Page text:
Official Police data confirms hundreds of parents could be charged with assault under smacking ban
• 1,370 smacking crimes in first five years
• Actual figure likely to be much higher
• Parents and professionals to be ‘blacklisted’ on police database
• Govt Bill removing reasonable chastisement published last month
• Minister responsible admits parents could be “charged with a criminal offence”
• £1 million cost to criminal justice system
Police figures reveal that hundreds of parents in Wales could face criminal charges for smacking their children following the introduction of a smacking ban.
According to Police Liaison Unit (PLU) data, as many as 1,370 new smacking crimes could be recorded in five years if the reasonable chastisement defence is removed. The law currently allows parents to use a light smack and was reviewed just a few years ago.
Official correspondence also implies that thousands more could have their names recorded on the National Law Enforcement database following reports of smacking, potentially ‘blacklisting’ them from working with young people and vulnerable adults.
Campaign group Be Reasonable said the news is confirmation that the Government’s plans will “cause misery to hundreds of families across Wales”.
Jamie Gillies, a spokesperson for the campaign, commented: “The Government keeps claiming that the ban will not criminalise ordinary parents, disingenuously saying that they are not creating a new offence. But they are making a hitherto legal action illegal and no amount of spin can hide this.
“Now these official police figures remove the last fig leaf they were hiding behind. Changing the law will lead to hundreds of ordinary parents being prosecuted, and even when there is no crime, they could still have their name recorded on an official database, that is consulted when people are apply to work with young people and vulnerable adults. In some cases this could prevent them getting a job, even if they are a highly skilled doctor, nurse or teacher.”
The PLU conducted an audit of recorded crimes, which related to the reasonable chastisement defence between 2017 and 2018, after a request by the Welsh Government.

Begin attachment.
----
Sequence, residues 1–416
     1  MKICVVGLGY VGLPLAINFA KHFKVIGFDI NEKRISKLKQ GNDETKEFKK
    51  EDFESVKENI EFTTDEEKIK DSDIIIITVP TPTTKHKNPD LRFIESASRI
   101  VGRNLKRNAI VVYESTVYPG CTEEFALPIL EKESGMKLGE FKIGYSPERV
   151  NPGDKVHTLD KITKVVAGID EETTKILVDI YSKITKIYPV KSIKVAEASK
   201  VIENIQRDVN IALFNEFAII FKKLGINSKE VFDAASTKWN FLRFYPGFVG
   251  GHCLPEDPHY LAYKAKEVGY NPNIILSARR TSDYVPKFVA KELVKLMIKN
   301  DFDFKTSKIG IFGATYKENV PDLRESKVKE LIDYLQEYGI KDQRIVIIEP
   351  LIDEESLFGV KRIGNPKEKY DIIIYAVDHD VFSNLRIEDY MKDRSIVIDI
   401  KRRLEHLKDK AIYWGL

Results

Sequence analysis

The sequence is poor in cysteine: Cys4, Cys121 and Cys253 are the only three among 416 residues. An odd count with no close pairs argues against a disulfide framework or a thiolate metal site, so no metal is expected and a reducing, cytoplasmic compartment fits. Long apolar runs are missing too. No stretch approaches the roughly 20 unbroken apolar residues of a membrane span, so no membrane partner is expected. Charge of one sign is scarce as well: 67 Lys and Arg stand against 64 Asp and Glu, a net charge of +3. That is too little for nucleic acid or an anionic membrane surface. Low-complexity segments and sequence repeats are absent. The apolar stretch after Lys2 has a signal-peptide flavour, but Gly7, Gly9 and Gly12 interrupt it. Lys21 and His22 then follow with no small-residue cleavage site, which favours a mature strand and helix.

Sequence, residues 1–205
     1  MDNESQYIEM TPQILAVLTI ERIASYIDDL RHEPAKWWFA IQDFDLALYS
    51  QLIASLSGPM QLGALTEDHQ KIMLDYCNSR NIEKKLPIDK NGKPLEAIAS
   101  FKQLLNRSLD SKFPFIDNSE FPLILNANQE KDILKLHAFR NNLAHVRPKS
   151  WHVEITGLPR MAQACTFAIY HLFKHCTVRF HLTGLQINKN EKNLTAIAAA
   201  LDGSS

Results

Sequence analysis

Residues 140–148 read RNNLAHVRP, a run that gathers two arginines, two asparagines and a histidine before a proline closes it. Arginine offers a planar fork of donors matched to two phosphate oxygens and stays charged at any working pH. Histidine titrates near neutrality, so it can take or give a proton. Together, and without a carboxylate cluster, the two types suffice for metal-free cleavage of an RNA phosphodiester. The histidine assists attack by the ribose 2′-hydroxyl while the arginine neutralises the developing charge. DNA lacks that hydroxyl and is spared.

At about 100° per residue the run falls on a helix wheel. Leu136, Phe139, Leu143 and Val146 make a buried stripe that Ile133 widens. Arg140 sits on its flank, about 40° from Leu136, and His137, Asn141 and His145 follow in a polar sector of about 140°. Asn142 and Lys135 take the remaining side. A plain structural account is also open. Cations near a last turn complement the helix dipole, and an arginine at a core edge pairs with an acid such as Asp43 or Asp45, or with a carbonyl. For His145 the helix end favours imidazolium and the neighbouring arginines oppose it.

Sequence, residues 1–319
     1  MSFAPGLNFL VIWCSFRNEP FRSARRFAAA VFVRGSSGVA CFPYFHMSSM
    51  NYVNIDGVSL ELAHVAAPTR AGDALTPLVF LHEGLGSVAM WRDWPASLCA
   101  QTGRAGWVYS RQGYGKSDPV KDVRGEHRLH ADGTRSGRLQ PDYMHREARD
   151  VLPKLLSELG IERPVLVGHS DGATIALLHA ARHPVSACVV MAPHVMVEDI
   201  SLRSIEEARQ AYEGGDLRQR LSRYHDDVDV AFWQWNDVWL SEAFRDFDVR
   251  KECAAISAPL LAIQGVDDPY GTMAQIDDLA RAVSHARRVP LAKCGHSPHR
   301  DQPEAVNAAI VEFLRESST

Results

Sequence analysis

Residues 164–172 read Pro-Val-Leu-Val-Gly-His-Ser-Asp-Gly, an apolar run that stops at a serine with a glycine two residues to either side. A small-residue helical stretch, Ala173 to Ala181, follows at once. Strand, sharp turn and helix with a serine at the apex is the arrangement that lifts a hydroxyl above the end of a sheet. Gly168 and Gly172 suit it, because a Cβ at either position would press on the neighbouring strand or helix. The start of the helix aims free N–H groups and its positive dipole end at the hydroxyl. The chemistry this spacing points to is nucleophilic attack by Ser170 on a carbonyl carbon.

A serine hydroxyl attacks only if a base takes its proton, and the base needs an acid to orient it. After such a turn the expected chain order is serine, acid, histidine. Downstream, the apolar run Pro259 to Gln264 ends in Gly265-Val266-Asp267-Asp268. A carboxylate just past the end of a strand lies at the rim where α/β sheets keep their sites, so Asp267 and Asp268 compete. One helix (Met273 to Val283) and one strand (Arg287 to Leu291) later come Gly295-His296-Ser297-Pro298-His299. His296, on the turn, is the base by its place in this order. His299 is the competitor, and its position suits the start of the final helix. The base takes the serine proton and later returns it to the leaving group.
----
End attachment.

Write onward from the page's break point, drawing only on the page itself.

They considered cases where no injury occurred to children and reasonable chastisement was “used as a defence or considered in the decision making process”.
If reasonable chastisement were removed, these incidents, where perhaps only mild physical contact occurred, would be classed as assault.
The official research across the four Police Forces in Wales concluded that there would be 274 new investigations in the first year. This included an estimated 39 in Dyfed-Powys, 56 in Gwent, 57 in North Wales and 122 in South Wales.
Given the experience of New Zealand, which has a similar legal system to Wales, these figures are unlikely to drop after the first year, meaning 1,370 potential offences in the first five years of a smacking ban – with the actual number likely to be much higher.
A letter from Welsh Minister Julie Morgan AM confirms that information about parents who are suspected of smacking, or where the police decide not to take any action will still have their details recorded on the police databse. “…The National Law Enforcement Database (LEDS) will be set up to replace both the existing Police National Database (PND) and Police National Computer (PNC). Currently, conviction information is held on the PNC, and records on non-conviction information (e.g. intelligence, non-statutory out of court disposals such as community resolutions) are held on the PND.”
It goes on: “…Removing the defence of reasonable punishment in Wales does not create a new offence; the offence of common assault already exists in common law across England and Wales, therefore it should be possible to report incidents of common assault against children, either as conviction information (e.g. if a caution has been accepted by the perpetrator) or as non-conviction information.”
Non-conviction information, or “intelligence” includes allegations made against a person that did not result in any arrest being made, and concerns passed on to the police from other public bodies (i.e. schools or social services).